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People Who Collaborate

Jacob Gear, Fire Management Specialist

Jacob Gear, Fire Management Specialist and Rangeland Fire Protection Association Liaison

Originally from Eastern Washington Jacob has spent most of his career in both Washington and Oregon. While working in Southern California as a Fire Management Officer for the Bureau of Land Management (BLM) and National Park Service he saw the position posted for a Fire Management Specialist in Burns and applied.

Jacob knew he enjoyed the community of Burns as he was a brief resident back in 2001 and also spent 2004-2008 living in Lake County; "I just love the beauty and isolation Eastern Oregon has to offer."

Jacob has now been in Harney County since January 2018 and while his official title is Fire Management Specialist, he's more commonly known as the Rangeland Fire Protection Association (RFPA) Liaison. RFPAs are creatures of Oregon statute. Formed under the concept of “Neighbors Helping Neighbors,” they are organized to authorize rancher participation in fire suppression on private and state rangelands where there had been no existing fire protection. The all-volunteer crews of ranchers receive training from the Oregon Department of Forestry. Under agreements with the federal government known as Memoranda of Understanding, RFPAs are authorized to respond on federal lands as well. 

"The Harney County Wildfire Collaborative is the birthplace of my position. As I understand it, during a meeting it was decided that it would be a great benefit to the RFPAs and the agency to have one person as the main contact. From there the BLM and U.S. Fish & Wildlife Service (U.S.FWS) said that they would commit to doing that. I think it’s a great thing, and the reason I do this job and do it passionately is because I care about the legacy we leave our kids. I feel that the collaborative is making well informed decisions that will leave our public lands in better shape than they are."

There was a time not long ago when relationships between RFPAs and government agencies like BLM and U.S.FWS were strained. This liaison position was one effort to ease the strain and help everyone work together well. "I think what makes a difference is that I’m a contact for them [RFPAs] to reach out to for answers. I am honest about what we can and can't do. I think through building mutual trust, that we can have honest conversations when there is a fire. The RFPA members know that we are doing what we can, while managing risk to both BLM firefighters and the RFPAs firefighters."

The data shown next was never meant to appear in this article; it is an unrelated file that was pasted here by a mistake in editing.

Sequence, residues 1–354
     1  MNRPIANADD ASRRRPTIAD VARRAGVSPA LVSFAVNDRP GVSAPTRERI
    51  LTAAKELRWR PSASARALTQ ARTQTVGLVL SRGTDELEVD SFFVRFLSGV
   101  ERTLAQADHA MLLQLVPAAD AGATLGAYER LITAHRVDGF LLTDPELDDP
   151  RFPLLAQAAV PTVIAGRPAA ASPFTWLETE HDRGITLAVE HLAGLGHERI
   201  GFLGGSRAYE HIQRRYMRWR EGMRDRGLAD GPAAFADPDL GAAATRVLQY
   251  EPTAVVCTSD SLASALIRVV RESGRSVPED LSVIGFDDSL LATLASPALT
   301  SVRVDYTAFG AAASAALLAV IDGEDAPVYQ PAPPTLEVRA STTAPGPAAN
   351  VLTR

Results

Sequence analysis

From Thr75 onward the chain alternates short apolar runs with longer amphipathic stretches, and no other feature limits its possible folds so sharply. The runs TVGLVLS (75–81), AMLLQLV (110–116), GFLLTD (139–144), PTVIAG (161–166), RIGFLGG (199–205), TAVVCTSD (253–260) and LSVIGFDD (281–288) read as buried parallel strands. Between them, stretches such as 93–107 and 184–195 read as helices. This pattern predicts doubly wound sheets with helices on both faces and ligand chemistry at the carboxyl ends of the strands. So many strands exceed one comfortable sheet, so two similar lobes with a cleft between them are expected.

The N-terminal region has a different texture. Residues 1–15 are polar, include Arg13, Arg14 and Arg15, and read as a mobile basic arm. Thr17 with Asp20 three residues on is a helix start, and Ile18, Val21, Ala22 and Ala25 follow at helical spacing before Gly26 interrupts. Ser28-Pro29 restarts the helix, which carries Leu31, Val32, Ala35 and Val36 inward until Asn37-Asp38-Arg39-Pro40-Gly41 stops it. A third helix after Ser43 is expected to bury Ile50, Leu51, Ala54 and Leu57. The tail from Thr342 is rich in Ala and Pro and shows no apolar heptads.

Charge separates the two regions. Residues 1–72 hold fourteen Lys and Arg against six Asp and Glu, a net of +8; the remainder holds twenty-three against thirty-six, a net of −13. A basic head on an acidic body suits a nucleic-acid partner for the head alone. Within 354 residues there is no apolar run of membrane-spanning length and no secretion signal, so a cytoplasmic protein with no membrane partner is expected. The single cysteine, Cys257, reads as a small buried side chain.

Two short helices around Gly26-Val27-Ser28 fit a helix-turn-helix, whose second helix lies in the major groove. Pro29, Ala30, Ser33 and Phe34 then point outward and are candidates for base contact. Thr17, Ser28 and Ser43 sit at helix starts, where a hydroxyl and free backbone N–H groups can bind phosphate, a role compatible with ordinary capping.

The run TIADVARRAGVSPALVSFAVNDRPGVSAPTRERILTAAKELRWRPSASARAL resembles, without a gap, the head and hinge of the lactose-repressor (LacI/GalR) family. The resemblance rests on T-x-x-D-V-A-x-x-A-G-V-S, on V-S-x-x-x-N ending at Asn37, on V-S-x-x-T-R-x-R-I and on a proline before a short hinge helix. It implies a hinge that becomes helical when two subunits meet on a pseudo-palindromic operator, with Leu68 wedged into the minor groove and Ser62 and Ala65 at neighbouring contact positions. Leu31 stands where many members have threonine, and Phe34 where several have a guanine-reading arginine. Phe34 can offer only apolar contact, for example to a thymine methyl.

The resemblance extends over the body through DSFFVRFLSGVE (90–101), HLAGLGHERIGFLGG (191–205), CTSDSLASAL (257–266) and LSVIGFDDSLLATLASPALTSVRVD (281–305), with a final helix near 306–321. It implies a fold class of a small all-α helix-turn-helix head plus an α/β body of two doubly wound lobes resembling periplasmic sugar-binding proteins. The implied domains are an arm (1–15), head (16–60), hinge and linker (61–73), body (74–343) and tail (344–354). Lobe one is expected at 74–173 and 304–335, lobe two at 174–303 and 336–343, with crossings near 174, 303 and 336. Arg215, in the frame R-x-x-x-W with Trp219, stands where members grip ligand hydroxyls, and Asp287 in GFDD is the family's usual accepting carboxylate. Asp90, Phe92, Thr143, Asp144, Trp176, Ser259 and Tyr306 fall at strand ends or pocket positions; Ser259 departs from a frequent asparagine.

"The biggest difference that I have seen is not because of me or my position, but from both the RFPA members and the agency employees taking a moment to just talk. Not about fire, but maybe about life, hunting or how their year has been. I think that is the number one relationship builder. No matter what your politics are, it just puts the human aspect back into it and builds a great starting point for good dialog."

"When it comes to megafires, us working together as a county is what makes the difference. The RFPAs have the great advantage of having more trucks throughout the county for a faster initial response and most of the time knowing access to the fire better than any of us. By working together we can bring more resources to a fire in a faster time."

When it comes to Jacob's volunteer time with the wildfire collaborative; "One of the neat things about the collaborative is that everyone is there for the right reasons. You might not agree with what they are saying, or feel that since they are not from here they can’t understand. But if you sit and talk to folks individually we all want the same thing, we just have different ideas of how to get there. I think that the dynamic makes for the right mix of people to carry out projects in a well thought out manner. This may mean that it’s not the best for an individual or maybe a small group of individuals, but better for the majority and the landscape that we as an agency have the duty to protect."

Outside of Jacob's work with the RFPAs and volunteer time with the Harney County Wildfire Collaborative he and his wife are in the process of building their home on acreage just outside of town. "We spend the majority of our time working on the house or doing fencing or other projects as a family. When we can get free time we like to go for a hike, swim in the summer, or sled in the winter."

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